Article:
Recalling seems like the easiest ability in League of Legends.
It’s not a skill shot. It doesn’t require resources. You can’t channel while crowd controlled or when taking damage, but other than that, you can hit “B” anytime, anywhere, for a free trip back to base.
But at the highest levels of professional League, nothing is simple. Even something as dumb as recalling is an art. Some teams devote entire chunks of their early-game strategy over how to find the best time for their players to recall.
So why is recalling such a big deal?
More than pressing “B”
Pros describe the process of a successful recall as “securing back timing,” with the key word being “timing.” Most League fans know there are bad times to recall—when a huge enemy minion wave is about to hit your turret, for example. But back timing goes further than that. Pro players base their back timings on a whole host of factors. Among them are:
- Where minion waves are positioned and which direction they’re traveling
- Where both junglers are—or could be
- What item power spikes are coming into play
- What objectives are on the map
- What rotation is the enemy team contemplating next
All of this factors into how players recall. Still not convinced that strong back timing is that important? Check out this next clip on how former ROX Tigers jungler Han “Peanut” Wang-ho abused his jungle knowledge and better back timings at Worlds two years ago:
Something as simple as back timing helped Peanut and the Tigers win a series at Worlds. Yeah, this stuff is important. So what do pro teams look for when it comes to their recalls?
Coordinating with the jungler
As League has become more and more a team sport, securing the proper back timing has increasingly relied on the laners and jungler to be in sync. Most people know that you should shove your lane to the opponent’s turret before recalling. This is to ensure that the wave will bounce back and the opponent’s minions will be waiting for you when you return.
But extending beyond the river is risky, and that’s where the jungler comes into play. Laners should communicate with the jungler when they want to recall, and get jungle help to safely shove the wave. One great example of jungle/lane synergy came in a recent meeting between Echo Fox and Cloud9.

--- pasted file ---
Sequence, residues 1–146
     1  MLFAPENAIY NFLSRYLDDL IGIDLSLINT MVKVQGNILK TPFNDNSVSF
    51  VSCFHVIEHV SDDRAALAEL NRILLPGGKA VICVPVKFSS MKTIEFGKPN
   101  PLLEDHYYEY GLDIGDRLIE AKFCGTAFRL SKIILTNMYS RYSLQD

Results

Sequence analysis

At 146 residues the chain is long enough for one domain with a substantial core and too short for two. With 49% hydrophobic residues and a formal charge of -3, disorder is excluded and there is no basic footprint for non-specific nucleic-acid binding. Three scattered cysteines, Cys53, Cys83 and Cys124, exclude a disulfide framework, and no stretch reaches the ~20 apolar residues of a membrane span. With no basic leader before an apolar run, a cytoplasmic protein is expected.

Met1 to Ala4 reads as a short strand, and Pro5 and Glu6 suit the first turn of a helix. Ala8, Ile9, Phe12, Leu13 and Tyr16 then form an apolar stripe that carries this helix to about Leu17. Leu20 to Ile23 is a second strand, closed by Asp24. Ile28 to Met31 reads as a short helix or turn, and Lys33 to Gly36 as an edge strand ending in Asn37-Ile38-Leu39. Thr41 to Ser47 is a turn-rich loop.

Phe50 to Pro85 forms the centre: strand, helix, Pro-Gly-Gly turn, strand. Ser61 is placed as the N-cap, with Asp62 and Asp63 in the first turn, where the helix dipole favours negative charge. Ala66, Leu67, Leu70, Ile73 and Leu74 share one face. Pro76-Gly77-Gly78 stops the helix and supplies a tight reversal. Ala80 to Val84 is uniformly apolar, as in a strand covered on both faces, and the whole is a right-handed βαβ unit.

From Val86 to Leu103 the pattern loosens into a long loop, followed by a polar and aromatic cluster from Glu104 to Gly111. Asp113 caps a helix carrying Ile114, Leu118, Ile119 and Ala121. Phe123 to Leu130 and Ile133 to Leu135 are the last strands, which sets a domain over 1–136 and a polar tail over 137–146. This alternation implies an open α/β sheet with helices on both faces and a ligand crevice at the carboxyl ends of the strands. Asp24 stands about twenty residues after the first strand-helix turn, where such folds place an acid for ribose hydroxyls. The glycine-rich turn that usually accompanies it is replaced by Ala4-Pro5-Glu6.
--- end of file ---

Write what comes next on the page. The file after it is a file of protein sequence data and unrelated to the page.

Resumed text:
Cloud9 picked a strong top lane with Lucian into Gangplank. That meant that Echo Fox top laner Heo “Huni” Seung-hoon would be hard pressed just to stay in the lane, much less set up a strong recall. But even a mobile marksman like Lucian isn’t immune to ganks. So when Cloud9’s Eric “Licorice” Ritchie needed to recall, his jungler, Dennis “Svenskeren” Johnsen was there.
At first glance, it looks like Svenskeren is looking to dive. But he wasn’t, not that early into the game. He just needed to make sure that he knew where Echo Fox jungler Joshua “Dardoch” Hartnett was so Licorice could push safely and set up a recall. Svenskeren littered the Echo Fox blue-side jungle with wards, giving Licorice even more safety.
But Cloud9 weren’t the only team with good recall macro in that game. Echo Fox’s bot lane pulled out something special as well.
Understanding power spikes
Echo Fox’s only winning lane against Cloud9 was the bot lane of Johnny “Altec” Ru and Adrian Ma. The problem was, they were going against Zachary “Sneaky” Scuderi’s Ezreal. Taking the Kleptomancy rune that seemed tailor-made for Ezreal, Sneaky could accelerate one of his major power spikes: the Tear-Sheen combo. An Ezreal with these two items immediately becomes a threat, no matter how powerful a lane bully his opponent is.
A lot of Kalista-Ezreal matchups go well for Kalista early, drop off after Ezreal gets those two items, and then pick up again later in favor of Kalista. But Echo Fox didn’t have time to wait. They knew that if they were to fall behind in all three lanes, Dardoch would have very few places to be.
While the junglers were tangoing in the top lane, Altec and Adrian used that information to hard shove the bot wave and recall early.
For all that trouble, Altec only got two daggers, which doesn’t seem like a lot. But it had a subtle, but meaningful, impact on the lane phase. The early recall rushed Sneaky. He was forced into a recall as well, but wasn’t able to shove the lane as hard as Altec did. That meant that Altec’s small CS lead would grow.
Sneaky’s early recall also meant that he only bought Tear, and that his Sheen would be delayed. Off of that little move, Sneaky ceded lane priority forever. A little strategic move helped set up Echo Fox’s bot lane for success.
Does it really matter?
Of course, the story of that game was what happened between the top laners: with Dardoch’s help, Huni dove Licorice again and again, building a lead he would not relinquish. But it was actually the Echo Fox’s duo lane that got the game’s first turret. Their priority and safety in that lane, combined with mid laner Kim “FeniX” Jae-hun’s relative safety on Vladimir, meant that Svenskeren had precious few areas to go.
Everyone remembers a great teamfight, or objective throw, that decide a game. Little things like getting in a recall don’t linger in our memories for why games are won or lost. But these small advantages do add up, and help decide who wins those fights and objectives.
So next time you need help to push a lane before recalling, call your jungler over. That’s risky in solo queue, because junglers love stealing minions. But even handing over a few last hits is worth getting your lane in winning position.